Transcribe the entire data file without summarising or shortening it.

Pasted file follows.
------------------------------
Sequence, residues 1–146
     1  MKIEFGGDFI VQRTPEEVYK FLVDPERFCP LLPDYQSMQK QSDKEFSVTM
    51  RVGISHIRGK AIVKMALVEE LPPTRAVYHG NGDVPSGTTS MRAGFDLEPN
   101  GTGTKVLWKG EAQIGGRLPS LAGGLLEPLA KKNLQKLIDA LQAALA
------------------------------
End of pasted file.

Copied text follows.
Sequence, residues 1–146
     1  MKIEFGGDFI VQRTPEEVYK FLVDPERFCP LLPDYQSMQK QSDKEFSVTM
    51  RVGISHIRGK AIVKMALVEE LPPTRAVYHG NGDVPSGTTS MRAGFDLEPN
   101  GTGTKVLWKG EAQIGGRLPS LAGGLLEPLA KKNLQKLIDA LQAALA